• Gathering: Data, information and intelligence can be components of our data sources but, in this stage, the key will be the way in which this data is collected and the way in which it is going to be used. If we gather an IoC (Indicator of Compromise) on a determined file housed in the memory, is the capacity available to apply this IoC in our industrial devices? If the answer is no, first of all we should understand that this piece of intelligence is of no use in our specific environment and secondly, we should consider if these capacities should be obtained to increase resilience in the environment.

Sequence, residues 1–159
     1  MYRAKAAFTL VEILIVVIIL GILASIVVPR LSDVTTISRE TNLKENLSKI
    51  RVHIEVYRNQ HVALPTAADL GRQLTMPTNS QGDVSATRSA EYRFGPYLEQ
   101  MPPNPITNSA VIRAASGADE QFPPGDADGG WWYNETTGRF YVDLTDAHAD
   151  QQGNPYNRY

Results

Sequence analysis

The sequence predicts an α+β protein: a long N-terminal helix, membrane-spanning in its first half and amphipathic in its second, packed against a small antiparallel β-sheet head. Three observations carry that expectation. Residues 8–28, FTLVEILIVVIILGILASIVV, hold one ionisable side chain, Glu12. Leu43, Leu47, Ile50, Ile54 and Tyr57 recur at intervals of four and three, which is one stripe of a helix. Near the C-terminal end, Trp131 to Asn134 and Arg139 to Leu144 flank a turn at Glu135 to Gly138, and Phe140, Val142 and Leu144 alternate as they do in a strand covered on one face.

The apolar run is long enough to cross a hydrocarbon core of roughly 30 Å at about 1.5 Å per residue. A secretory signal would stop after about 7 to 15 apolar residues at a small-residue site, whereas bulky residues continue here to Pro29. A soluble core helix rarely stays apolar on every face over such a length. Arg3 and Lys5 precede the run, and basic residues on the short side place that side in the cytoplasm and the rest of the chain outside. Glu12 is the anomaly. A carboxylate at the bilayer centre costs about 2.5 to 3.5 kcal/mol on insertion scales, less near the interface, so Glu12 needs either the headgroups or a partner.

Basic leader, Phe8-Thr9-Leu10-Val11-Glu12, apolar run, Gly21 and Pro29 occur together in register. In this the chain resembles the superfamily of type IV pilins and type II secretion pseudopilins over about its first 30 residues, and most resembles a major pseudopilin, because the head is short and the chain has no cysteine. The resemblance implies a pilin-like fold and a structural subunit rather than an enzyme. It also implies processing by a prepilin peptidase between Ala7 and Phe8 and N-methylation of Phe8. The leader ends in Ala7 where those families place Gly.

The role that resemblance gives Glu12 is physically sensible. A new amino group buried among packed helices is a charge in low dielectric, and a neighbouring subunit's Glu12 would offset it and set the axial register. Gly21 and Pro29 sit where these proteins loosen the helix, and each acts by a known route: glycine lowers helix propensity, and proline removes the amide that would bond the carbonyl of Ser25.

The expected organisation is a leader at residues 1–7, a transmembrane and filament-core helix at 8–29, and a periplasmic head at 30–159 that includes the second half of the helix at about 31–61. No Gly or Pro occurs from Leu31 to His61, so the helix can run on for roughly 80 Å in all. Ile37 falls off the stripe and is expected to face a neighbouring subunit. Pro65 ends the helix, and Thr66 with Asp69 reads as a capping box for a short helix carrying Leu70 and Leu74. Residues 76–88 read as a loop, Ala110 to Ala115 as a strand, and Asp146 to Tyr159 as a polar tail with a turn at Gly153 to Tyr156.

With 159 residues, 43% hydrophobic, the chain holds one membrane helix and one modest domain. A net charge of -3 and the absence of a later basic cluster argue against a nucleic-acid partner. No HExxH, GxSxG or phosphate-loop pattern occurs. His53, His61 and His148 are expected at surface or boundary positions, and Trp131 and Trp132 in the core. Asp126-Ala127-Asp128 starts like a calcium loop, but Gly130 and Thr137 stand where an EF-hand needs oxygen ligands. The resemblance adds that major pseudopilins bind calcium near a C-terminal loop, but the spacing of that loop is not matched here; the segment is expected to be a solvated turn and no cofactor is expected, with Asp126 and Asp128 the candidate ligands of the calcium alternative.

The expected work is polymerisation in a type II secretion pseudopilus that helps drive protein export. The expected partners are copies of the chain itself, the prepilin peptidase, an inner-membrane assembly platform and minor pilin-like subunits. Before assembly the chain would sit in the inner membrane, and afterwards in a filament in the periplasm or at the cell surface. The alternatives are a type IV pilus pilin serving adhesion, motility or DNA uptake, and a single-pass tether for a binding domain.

• Process and Exploitation: In this context, the term exploitation is more focused on obtaining something valuable. In this phase, the aim is to obtain information from raw data, which can later be analysed. The data we have available should be processed, a correlation established and it should be exploited as much as possible in order to elaborate tables or more specific displays of the particular industrial environment that can be analysed in later phases.For example, processing the commands obtained in a raw capture of traffic of an industrial protocol or for them to show us that a strategy in a PLC has changed. This process enables us to know when a change has been carried out in the programming of a PLC, with this data being able to be exploited in order to obtain a graph where the number of times the programming changes and when said changes were made can be easily viewed.